What Manners Most recently caught up with Lisa Lori, president of Greenwich-based Lisa Lori Communications--a marketing communications agency specializing in publicity, special events, branding and integrated marketing programs--to discuss the traits that make an intern memorable--as well as the behaviors that make him or her the sort of staff member an employer would rather forget!
What made you decide to speak out on this topic?
We’ve had many interns over the years and after watching all of the talent that has passed through our offices, I thought it would be good to dispense some easy advice on how to get the most out of your job.
What are the first pieces of advice you'd give to anyone looking to be a successful intern?
Be on time, dress professionally and be earnest. Many college or post-college kids have a very hard time transitioning from the casual college atmosphere to a work environment. Working in an office where there are often a lot of other young professionals also gives the illusion that things are casual. Not true. Work is not school, showing up on time counts, dressing nicely every day matters (even when there are no clients in the office) and most important, a positive, can-do attitude stands out. Supervisors are looking at how you conduct yourself, how interested you are in learning and seeing why you are there.
Are there bits of advice you'd offer someone specifically interested in a public-relations internship?
No job is too big or too small. So you work hard in college and get good grades and therefore, rather than stuffing gift bags, you think you should be running the accounts! News flash – even when you run the accounts you might be stuffing gift bags. Going to parties, getting your picture taken ... that all is glam and wonderful, but there is a whole lotta work that goes into events and much of it is nitty-gritty. If this is a career you think you would like, make sure you check your ego at the door, because public relations is a service business.
What is the best way to impress your boss?
If you are a quick learn and get your work done, the logical thing is to ask for more work from your supervisor. However, many interns wait for the next direction and waste the time on social media or socializing at the office. In all of my years of supervising interns it is always the one who asks, “What’s next?” who tends to be the most impressive. Of course, socializing is fun, but you are there for a very limited time; learn as much as you can. Believe me--it will make all the difference between landing a job or not, speaking knowledgeably on an interview or not.
What is one of the biggest failings you detect among internship seekers from the Millennial generation?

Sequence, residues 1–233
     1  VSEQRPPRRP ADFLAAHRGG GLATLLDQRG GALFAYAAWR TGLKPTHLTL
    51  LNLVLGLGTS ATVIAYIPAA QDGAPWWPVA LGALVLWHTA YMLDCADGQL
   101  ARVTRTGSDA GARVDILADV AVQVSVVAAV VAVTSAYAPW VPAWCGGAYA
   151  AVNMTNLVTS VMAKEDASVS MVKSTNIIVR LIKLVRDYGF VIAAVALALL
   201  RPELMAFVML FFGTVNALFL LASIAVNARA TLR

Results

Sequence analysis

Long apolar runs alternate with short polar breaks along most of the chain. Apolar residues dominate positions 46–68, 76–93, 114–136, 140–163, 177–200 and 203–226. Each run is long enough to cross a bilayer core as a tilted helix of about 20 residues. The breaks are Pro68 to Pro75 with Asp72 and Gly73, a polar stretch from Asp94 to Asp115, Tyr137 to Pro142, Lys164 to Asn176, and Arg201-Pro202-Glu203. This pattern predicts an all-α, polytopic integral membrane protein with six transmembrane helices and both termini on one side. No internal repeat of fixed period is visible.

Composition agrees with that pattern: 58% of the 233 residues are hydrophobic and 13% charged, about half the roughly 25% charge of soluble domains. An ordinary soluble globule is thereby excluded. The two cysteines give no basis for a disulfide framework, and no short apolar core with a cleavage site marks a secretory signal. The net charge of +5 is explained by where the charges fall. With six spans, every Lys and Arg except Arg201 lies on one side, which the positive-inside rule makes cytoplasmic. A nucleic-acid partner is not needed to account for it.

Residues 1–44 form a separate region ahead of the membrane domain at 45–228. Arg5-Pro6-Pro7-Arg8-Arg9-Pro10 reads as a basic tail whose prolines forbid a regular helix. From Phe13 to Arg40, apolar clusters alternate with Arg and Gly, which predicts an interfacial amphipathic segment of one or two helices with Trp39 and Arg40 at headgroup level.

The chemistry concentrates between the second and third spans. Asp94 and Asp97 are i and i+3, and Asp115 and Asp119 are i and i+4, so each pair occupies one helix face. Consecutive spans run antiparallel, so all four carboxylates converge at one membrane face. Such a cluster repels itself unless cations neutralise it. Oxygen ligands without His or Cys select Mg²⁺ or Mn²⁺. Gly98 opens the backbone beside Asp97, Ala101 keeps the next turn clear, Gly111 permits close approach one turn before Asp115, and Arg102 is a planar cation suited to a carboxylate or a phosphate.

It’s almost shocking to see how many young people don’t read anything beyond Facebook! They should be reading every newspaper, magazine, blog or book they can get their hands on. Reading makes you better informed and a better writer.
What's something that most interns don't do but which makes a big difference down the line?
Ask for an exit interview. When I was an intern--back in the Middle Ages--you needed references to get jobs. Turns out you still do today. Wouldn’t it be nice to know what your supervisors thought about your work, to hear areas for improvement, and to get advice about career direction? Many just walk out the door at the end and then call a year later asking for a reference and we are left scratching our heads trying to remember which one they were. If you admire someone you work with, ask them for advice; it’s free.
Of course, we are all about manners here at What Manners Most. What is a mannerly touch that an intern should add to leave a good impression?
They should send a thank-you note and stay in touch.Emails are nice; hand-written notes are really nice. A "thank you, would love to work for you again, please let me know if there are any job openings in the future" sort of message works best. We have had many employees who started as interns who did just this, expressed their love of the business and interest in working for us.
Lisa Lori is the founder of LLC (Lisa Lori Communications) where she works closely with brands including IFF, HobNob Wines, the Alzheimer’s Association, New York Society for the Prevention of Cruelty to Children, Grammy nominated artist Sophie B. Hawkins, The School of American Ballet, the Princess Grace Foundation, NYC Opera, and WJ Deutsch & Sons. Lisa lives in Connecticut with her husband, three sons and their beautiful golden retriever Corduroy.